Walton Street to hand CalWest assets to lenders

The Chicago-based private equity real estate firm is expected to default on the debt backing a 95-property industrial portfolio and return the assets to lenders, as the bulk of the loans on the properties are scheduled to come due this week.

Walton Street Capital is turning over a vast industrial portfolio to its lenders amid fallen property values and the looming maturity of loans against those assets, according to media reports.  The firm, led by managing principal Neil Bluhm, had acquired the assets for $2.75 billion from the California Public Employees Retirement System and RREEF, the alternative investments business of Deutsche Bank, in 2007. Walton Street declined to comment.

One of the largest US industrial sales at the time, the CalWest deal was financed with about $2.45 billion of debt, including a $1.1 billion senior loan and junior debt pieces with a total face value of about $1.4 billion. The loans against the 23 million-square-foot portfolio, which includes 95 industrial assets – the bulk of which are in California, Washington and Oregon – are scheduled to mature on June 8. Meanwhile, the portfolio, which has since been rebranded the West Coast Industrial Portfolio and is roughly 85 percent occupied, currently is worth about $2.1 billion, according to Walton Street.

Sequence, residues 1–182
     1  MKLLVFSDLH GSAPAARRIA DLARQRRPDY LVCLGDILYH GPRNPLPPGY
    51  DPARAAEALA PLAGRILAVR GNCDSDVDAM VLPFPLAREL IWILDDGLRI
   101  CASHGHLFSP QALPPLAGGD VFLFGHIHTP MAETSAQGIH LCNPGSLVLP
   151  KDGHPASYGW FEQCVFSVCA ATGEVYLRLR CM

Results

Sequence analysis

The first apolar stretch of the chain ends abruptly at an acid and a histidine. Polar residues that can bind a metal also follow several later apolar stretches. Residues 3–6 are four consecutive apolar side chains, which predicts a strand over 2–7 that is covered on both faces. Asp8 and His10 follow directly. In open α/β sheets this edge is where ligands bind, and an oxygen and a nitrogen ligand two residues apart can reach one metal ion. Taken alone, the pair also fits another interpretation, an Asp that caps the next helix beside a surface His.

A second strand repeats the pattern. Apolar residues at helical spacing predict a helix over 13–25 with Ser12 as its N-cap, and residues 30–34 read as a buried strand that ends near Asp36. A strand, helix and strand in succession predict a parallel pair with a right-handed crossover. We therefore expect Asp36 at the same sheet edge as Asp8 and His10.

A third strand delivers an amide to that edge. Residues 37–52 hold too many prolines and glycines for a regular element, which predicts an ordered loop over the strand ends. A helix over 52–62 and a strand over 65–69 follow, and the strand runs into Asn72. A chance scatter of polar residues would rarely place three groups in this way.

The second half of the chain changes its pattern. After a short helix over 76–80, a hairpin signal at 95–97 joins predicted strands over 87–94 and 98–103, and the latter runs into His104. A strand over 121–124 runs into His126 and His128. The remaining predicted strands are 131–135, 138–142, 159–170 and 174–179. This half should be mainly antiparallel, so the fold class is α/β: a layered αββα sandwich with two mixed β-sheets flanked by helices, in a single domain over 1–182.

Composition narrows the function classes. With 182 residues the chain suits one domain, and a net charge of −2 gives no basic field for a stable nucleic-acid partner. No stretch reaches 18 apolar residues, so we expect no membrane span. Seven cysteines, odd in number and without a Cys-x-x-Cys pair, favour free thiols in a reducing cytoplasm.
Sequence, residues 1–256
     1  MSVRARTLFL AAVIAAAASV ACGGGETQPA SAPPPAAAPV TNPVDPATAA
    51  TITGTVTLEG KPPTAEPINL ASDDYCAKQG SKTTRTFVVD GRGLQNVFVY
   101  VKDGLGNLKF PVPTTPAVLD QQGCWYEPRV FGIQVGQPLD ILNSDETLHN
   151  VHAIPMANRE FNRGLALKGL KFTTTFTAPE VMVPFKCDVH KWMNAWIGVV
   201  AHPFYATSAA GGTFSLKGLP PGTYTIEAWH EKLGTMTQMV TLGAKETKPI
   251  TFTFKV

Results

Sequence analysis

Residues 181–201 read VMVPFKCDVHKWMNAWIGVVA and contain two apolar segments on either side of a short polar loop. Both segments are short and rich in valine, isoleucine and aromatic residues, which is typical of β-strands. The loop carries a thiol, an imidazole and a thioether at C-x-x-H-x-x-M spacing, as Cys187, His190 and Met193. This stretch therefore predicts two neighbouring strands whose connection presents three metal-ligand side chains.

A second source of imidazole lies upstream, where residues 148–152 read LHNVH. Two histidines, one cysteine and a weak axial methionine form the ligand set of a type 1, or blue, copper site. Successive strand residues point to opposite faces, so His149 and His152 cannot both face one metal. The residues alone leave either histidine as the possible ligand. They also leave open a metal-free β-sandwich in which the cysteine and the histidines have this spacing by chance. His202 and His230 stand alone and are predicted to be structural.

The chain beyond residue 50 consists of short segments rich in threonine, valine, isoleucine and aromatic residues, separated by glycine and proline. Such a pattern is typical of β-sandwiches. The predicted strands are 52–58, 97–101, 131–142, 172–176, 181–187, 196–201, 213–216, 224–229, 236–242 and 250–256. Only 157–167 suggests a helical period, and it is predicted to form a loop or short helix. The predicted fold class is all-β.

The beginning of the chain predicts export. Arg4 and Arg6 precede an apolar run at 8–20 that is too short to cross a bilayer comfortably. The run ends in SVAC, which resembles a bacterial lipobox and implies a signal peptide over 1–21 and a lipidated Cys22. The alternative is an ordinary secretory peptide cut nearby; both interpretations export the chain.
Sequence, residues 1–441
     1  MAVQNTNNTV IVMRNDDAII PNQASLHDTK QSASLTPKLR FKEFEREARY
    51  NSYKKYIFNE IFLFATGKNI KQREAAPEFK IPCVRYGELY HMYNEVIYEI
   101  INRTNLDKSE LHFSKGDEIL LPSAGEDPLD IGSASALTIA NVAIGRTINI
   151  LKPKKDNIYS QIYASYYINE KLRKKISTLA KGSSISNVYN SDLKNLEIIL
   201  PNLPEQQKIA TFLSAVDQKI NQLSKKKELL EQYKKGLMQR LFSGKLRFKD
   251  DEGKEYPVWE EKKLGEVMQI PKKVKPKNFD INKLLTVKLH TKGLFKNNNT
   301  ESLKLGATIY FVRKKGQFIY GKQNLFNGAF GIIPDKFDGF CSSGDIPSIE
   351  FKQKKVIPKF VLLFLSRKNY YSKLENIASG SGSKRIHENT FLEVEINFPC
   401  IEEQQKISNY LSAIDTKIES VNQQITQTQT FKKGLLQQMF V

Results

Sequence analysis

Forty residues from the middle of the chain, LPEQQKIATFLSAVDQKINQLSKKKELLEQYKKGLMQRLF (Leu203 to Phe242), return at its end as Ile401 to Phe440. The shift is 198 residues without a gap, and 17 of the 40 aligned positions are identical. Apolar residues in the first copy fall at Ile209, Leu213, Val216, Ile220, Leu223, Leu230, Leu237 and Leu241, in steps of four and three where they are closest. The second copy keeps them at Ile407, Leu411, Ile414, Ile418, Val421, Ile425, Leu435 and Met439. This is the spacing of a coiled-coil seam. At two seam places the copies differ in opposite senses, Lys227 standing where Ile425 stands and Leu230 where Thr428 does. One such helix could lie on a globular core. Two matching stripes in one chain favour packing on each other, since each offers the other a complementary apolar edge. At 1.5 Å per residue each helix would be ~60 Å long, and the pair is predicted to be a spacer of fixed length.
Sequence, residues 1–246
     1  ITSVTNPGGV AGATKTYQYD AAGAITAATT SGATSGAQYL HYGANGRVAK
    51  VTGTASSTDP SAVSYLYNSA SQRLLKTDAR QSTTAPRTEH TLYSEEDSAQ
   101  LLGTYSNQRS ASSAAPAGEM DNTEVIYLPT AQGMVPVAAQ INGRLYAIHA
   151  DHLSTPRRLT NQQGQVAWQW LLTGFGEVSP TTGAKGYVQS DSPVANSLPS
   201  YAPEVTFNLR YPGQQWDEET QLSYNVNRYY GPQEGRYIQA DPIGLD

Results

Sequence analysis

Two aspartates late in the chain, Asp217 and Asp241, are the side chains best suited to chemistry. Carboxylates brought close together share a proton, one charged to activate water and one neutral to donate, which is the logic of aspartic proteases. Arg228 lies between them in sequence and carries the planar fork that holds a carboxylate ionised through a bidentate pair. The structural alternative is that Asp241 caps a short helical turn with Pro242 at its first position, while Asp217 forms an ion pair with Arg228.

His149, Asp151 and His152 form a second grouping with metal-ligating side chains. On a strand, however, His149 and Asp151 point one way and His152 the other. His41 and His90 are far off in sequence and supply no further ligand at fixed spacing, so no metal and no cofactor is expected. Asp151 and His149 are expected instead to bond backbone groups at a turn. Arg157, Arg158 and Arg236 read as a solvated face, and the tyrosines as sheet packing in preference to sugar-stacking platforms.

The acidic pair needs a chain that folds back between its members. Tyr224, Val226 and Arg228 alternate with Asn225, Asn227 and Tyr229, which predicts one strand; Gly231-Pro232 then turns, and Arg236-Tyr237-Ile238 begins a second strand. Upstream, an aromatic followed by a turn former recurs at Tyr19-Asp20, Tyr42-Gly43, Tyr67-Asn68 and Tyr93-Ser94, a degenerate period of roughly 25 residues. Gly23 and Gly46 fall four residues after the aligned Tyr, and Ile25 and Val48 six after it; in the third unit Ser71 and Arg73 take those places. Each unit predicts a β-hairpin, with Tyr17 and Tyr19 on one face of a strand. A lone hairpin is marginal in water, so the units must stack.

With Walton’s anticipated default on the CalWest debt, both The Blackstone Group and Morgan Stanley have been jockeying for control of the portfolio, according to an April article in The Wall Street Journal. Morgan Stanley, through its Prime Property Fund, owns a $115 million junior debt piece, but Blackstone – which owns both senior and junior debt backed by the assets, including approximately $600 million of mezzanine debt that was acquired in April 2011 – is said to be in a strong position to take over the portfolio.

Walton Street currently is looking to raise capital for Walton Street Real Estate Fund VII, which is targeting $2 billion in equity commitments for value-added and distressed properties in the US, particularly office and hotel assets. In March, the Teachers Retirement System of Louisiana approved a $50 commitment to the fund, which was launched in 2011.